The patient seen in the ODMC was exposed to T. gondii. The infection resulted in a large chorioretinal scar (inactive OT),1 AH10 and lenticular opacity.8 The lesion was deeply affected by the involvement of the retina to the choroid and sclera, leaving an apparent demarcated scar around the posterior pole. Glaucoma was ruled out because the patient’s neuroretinal rim followed the ISNT rule (inferior ≥ superior ≥ nasal ≥ temporal); also, a large optic cup should not be the only leading variable enabling a glaucoma diagnosis.11 The differential diagnosis includes a retinal geographic scar (RGS), commonly found in a patient with age-related macular degeneration. However, considering the patient’s age and that the scar was unilateral, RGS was ruled out.

Furthermore, the patient’s immunocompetence plays an important role in resolving the active infection of Toxoplasmosis.5 The presence of AH in this patient was because of inflammation of the retinal blood vessels, resulting in the presence of phospholipids on the vitreous base.10 The manifestation of lenticular opacities results from the DNA deposits through the hyaloid artery during lens development.8 The management of the patient was limited to referral to an ophthalmologist because of the limited scope of practitioners. However, the medical treatment for OT is clindamycin and prednisone.

In this patient, it was difficult to examine the fundus properly without dilatation of the pupil; hence, the chorioretinal scar was missed in the initial examination. Therefore, it is recommended that optometrists, as primary eye healthcare providers in private and public healthcare, professionally develop themselves to use diagnostic drugs to dilate the patient and give a thorough ocular health examination. Also, the use of OCT is pivotal to detecting the extent to which the lesions on the retina and the choroid present themselves and documenting any progressive developments of diseases. Therefore, any recurrence along the margins of a scar as well as complications such as fibrous band, retinal detachments and optic neuritis may be documented to manage the patient properly.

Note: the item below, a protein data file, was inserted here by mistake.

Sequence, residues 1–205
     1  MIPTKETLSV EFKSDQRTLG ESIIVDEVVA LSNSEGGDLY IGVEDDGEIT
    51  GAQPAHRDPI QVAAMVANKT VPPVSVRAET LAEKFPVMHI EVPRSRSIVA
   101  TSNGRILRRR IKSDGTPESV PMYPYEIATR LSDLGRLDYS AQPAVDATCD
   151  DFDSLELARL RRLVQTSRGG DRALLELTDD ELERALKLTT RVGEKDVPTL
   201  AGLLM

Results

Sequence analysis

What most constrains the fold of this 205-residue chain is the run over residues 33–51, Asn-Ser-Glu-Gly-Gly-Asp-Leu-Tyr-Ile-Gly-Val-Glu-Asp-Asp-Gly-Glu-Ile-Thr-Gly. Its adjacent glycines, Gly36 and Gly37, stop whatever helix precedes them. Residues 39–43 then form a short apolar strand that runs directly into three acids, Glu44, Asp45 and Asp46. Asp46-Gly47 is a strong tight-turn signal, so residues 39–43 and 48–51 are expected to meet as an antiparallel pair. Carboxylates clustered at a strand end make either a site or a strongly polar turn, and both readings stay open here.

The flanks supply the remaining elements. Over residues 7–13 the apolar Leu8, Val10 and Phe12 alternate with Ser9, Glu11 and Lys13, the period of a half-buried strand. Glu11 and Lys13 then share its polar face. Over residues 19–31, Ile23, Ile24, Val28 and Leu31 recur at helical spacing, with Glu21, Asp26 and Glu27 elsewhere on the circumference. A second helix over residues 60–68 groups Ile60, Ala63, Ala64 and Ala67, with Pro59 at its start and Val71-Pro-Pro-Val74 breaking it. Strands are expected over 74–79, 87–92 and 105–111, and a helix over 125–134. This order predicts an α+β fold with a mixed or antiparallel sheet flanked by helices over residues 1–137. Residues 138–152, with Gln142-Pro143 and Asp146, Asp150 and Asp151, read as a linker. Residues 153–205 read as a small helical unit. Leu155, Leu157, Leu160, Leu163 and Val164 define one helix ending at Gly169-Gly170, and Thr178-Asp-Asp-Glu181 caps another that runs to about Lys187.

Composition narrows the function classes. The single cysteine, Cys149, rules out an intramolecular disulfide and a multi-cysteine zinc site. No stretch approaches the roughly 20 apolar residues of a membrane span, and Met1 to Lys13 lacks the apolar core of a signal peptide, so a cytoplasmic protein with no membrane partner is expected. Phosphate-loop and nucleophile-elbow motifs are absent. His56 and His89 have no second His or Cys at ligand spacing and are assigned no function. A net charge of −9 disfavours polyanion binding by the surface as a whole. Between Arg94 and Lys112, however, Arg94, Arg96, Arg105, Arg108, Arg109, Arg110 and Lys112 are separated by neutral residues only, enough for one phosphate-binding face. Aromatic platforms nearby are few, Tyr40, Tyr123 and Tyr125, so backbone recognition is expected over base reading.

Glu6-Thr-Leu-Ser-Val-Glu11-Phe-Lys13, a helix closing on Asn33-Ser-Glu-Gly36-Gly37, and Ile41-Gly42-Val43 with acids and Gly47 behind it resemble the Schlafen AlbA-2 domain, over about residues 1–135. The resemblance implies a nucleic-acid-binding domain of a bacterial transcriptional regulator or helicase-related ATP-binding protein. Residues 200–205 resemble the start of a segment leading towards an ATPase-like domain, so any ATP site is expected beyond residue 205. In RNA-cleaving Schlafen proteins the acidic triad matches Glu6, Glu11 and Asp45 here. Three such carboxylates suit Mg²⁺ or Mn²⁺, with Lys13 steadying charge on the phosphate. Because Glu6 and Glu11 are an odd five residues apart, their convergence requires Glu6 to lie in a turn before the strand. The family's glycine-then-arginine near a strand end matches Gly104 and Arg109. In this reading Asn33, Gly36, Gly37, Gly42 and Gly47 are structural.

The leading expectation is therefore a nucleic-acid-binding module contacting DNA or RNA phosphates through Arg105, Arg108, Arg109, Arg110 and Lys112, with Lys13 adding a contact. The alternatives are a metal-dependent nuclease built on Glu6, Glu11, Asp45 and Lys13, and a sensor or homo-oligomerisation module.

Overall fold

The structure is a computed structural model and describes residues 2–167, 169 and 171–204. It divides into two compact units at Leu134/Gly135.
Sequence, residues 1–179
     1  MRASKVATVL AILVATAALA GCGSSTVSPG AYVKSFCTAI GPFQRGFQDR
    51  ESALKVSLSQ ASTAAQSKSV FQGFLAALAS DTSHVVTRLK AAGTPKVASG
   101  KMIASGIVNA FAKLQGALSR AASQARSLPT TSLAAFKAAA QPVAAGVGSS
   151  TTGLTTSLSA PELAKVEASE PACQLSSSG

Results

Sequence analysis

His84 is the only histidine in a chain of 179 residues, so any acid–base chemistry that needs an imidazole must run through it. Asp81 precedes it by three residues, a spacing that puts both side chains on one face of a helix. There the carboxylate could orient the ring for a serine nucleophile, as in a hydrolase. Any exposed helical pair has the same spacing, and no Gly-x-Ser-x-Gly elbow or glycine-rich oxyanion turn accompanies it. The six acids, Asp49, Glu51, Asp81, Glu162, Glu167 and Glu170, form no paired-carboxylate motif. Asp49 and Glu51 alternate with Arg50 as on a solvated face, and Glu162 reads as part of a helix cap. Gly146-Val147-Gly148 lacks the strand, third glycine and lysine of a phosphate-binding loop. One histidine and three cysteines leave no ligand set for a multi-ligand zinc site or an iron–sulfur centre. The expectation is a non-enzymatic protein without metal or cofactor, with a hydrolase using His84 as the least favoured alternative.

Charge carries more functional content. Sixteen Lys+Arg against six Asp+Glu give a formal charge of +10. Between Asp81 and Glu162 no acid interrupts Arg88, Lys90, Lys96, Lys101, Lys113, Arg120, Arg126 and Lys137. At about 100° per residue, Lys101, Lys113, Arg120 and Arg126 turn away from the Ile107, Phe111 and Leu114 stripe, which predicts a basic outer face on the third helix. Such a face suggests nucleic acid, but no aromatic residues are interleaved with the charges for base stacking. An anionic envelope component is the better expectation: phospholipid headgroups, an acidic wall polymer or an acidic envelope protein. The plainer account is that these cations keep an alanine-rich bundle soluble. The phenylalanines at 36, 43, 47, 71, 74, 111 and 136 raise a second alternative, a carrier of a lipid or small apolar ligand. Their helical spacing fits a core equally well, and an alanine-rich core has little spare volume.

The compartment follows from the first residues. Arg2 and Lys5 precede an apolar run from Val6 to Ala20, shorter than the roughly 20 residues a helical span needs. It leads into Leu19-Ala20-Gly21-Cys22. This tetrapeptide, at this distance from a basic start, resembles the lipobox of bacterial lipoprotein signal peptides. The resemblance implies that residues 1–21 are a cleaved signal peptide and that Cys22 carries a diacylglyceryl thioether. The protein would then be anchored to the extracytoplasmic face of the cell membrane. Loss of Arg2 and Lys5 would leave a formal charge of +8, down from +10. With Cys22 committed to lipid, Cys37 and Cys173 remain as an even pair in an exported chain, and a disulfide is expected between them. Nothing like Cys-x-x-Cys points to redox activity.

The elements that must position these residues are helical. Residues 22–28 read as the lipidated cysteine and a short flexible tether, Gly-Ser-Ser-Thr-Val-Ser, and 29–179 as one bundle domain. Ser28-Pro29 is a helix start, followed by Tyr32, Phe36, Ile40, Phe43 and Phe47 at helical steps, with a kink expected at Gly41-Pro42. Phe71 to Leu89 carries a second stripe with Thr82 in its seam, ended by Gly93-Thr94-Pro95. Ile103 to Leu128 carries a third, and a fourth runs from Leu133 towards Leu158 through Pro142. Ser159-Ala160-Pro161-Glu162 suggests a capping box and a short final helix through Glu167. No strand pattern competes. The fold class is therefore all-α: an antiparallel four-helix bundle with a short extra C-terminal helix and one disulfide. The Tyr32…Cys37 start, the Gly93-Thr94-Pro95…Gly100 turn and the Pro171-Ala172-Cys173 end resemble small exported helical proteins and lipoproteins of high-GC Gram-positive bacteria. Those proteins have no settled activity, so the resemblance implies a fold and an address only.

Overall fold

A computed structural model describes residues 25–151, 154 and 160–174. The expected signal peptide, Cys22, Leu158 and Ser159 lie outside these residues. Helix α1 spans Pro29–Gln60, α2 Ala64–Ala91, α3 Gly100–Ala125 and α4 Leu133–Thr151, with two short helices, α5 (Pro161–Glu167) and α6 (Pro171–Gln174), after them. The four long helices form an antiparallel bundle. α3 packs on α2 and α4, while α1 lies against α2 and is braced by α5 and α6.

The author would like to thank a third-year optometry student for referring the patient to an ocular disease management clinic. The author would also like to thank the University of Limpopo, Department of Optometry, for allowing him to supervise a final-year student to assess the patient as part of learning and to use the data from their patient records. The author would like to thank the South African Medical Research Council, under Research Capacity Development under Bonganie Mayosi National Health Scholars Programme. Finally, the author would like to thank HL Sithole for proofreading the manuscript.

Competing interests

The authors declare that they have no financial or personal relationships that may have inappropriately influenced them in writing this article.

Author’s contribution

D.G.M. supervised the examination of the patient, designed the study, analysed data and composed the manuscript in its entirety.

Ethical considerations

Consent to write the case report was sought from the patient, and permission was granted. The patient was then given a consent form to sign before submitting the manuscript.

Funding information

This research received no specific grant from any funding agency in the public, commercial, or not-for-profit sectors.

Data availability

Data sharing is not applicable to this article as no new data were created or analysed in this study.


The views and opinions expressed in this article are those of the author and do not necessarily reflect the position of the Department of Optometry at the University of Limpopo.